Amanda Todd’s suicide has attracted national attention bringing the issue of bullying to the forefront. It (finally) has many people asking, “What can we do about bullying?”
In 15-year-old Amanda’s case, the RCMP are launching an investigation, politicians are debating anti-bullying motions and her case is being reviewed by a team of experts called the Children’s Death Review Unit. That’s a pretty impressive response.
For those whose experiences include being the victim of physical and mental abuse from peers bullying, this story strikes a personal chord. Many young people in isolated communities and even here in Winnipeg struggle with the damaging effects of suicide on a constant basis. Our young people who are coping with the effects of poverty, loss of identity and bullying are becoming victims to the sickness of hopelessness. As adults, we need to be reacting to young people’s suicide rate EVERY TIME this tragedy occurs.
The recent report by the Ontario Chief Coroner on First Nations youth suicide found that 16 children between the ages of 10 to 19 died as a result of suicide in the years 2006 to 2008 in one community alone. Statistics also tell us that the national Aboriginal youth suicide rate is five to six times higher than the overall Canadian youth average. Many of us adults cannot imagine what it is like today; with the advent of the internet and cyber-bullying, the situation is more serious than we can imagine.
The real question is HOW DO WE PREVENT YOUTH SUICIDE? The answer is we have to work together. Parents and guardians must role model healthy behaviour and educators must intervene when bullying is suspected and be supported by community to address the issue as well. But the secret weapon, the key ingredient, the most powerful solution here are the young people themselves.
Becoming an Anti-Bully
When I was 10-years-old, and I was the victim of intense bullying to the point of contemplating suicide, I made a commitment to become an Anti-Bully. I thought that bullies built up and then used their popularity, social intelligence and their hands for negative purposes. It was similair to a villain in a comic using their superpowers for evil.
An anti-bully would use their influence, creativity and example for positive purposes; akin to a superhero using their superpowers for good. Through our example, we make being respectful a cool trait; which would make bullying uncool. We could laugh more, ask for help when we need it and stand by our peers.
It is our young people who can save lives.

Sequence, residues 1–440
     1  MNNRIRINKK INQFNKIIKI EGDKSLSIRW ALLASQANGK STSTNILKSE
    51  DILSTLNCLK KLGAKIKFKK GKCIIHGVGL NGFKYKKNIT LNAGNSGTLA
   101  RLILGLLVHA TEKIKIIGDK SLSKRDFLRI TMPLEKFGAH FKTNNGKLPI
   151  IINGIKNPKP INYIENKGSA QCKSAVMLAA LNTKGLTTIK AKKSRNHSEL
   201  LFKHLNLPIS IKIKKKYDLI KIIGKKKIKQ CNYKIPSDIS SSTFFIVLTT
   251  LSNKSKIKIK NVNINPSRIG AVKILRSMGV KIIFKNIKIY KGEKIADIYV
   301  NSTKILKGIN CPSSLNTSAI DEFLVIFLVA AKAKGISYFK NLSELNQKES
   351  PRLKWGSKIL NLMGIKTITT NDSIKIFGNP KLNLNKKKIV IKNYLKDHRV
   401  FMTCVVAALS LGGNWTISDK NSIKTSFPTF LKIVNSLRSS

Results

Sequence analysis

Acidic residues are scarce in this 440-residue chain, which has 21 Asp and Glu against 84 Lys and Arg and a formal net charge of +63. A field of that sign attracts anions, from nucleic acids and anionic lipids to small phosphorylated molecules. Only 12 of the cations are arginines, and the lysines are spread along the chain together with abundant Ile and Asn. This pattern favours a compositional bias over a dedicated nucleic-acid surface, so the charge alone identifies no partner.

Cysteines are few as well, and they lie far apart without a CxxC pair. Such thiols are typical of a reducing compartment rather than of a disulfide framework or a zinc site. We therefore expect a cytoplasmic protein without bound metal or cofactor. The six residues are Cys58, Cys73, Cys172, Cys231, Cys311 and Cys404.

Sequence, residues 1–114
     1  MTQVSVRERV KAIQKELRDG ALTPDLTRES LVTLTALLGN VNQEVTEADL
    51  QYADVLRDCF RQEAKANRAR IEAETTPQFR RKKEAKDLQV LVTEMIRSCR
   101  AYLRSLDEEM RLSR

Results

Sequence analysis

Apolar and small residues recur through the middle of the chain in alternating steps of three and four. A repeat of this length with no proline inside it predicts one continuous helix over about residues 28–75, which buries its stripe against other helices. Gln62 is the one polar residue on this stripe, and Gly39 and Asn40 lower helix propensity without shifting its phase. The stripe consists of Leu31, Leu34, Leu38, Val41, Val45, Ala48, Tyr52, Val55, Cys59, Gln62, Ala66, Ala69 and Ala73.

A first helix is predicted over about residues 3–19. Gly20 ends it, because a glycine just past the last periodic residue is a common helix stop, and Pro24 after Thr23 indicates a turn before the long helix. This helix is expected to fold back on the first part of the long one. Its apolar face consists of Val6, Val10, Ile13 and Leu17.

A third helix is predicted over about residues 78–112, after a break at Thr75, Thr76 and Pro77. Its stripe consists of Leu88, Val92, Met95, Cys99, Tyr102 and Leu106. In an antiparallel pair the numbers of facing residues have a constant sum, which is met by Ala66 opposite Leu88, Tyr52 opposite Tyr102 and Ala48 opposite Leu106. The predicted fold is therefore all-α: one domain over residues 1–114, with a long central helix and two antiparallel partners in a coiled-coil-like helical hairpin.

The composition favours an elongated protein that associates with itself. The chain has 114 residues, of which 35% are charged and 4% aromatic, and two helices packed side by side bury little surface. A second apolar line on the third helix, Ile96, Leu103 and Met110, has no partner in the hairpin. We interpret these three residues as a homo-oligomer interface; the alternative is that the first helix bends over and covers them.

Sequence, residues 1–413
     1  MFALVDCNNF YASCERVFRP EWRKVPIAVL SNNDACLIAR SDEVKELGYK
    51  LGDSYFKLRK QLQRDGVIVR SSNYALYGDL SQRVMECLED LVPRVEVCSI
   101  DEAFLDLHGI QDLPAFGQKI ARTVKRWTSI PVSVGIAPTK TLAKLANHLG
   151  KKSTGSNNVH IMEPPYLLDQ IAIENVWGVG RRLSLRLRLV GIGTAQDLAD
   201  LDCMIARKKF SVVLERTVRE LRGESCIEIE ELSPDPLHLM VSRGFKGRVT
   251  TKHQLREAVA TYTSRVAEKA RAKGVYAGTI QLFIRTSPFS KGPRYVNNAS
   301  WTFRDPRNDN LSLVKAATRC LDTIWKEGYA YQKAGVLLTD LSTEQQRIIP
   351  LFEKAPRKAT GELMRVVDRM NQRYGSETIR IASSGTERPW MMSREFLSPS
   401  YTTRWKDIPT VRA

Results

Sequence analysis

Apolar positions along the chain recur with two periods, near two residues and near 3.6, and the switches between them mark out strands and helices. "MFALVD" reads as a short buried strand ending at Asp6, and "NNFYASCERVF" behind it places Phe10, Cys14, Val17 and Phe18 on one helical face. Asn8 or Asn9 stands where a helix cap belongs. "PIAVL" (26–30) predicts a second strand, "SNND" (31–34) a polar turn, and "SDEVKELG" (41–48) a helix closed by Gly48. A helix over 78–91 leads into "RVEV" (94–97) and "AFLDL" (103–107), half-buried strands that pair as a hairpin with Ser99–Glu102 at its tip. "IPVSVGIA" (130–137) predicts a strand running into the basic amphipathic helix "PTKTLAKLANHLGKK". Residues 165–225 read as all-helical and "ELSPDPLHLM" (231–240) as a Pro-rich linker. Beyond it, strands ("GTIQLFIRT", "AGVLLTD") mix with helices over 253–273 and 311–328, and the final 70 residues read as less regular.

We must accept realities that boys must cry and be emotional. Our girls must learn to love themselves. People treat you the way you treat them and when you give respect to others, they give it back to you. We must all commit to life long learning. We must remember that everyone has a gift and deserves an opportunity to share that gift with their community.
We all have a need to create; it could be art, poetry, sports, music, dancing. Young people should be given opportunities to creatively express themselves. When bad things happen, it creates a poison inside of us. We need those creative opportunities so we can learn what to do to safely get the poison out. So create! This also gives you an opportunity to share with others what has worked for you. Another trait of bullying is the need to bring down others; so you can build up others around you and instead of destroying self esteems, you can repair them.
What can youth do?
You can create a student club around an interest of your choice.
You can launch an anti-bullying initiative across the whole school.
You can find a way to make deliberate (not random) acts of kindness a regular part of your daily activities.
You can sit with the kid who eats lunch by themselves.
You can ask for help when you need it to show your peers that it’s OK to do that.
You can encourage your friends to ask for help when they are being bullied.
The choice among young people is clear, we cannot stand by and watch another one of our classmates, friends or family members fall victim to hopelessness and commit suicide. We should not be having to bury our 15 year old brothers, cousins, and friends anymore. We must commit in our own actions to reach out to those around us; and share with them our messages of love and hope.
For another recent CNC article about bullying, click on this link: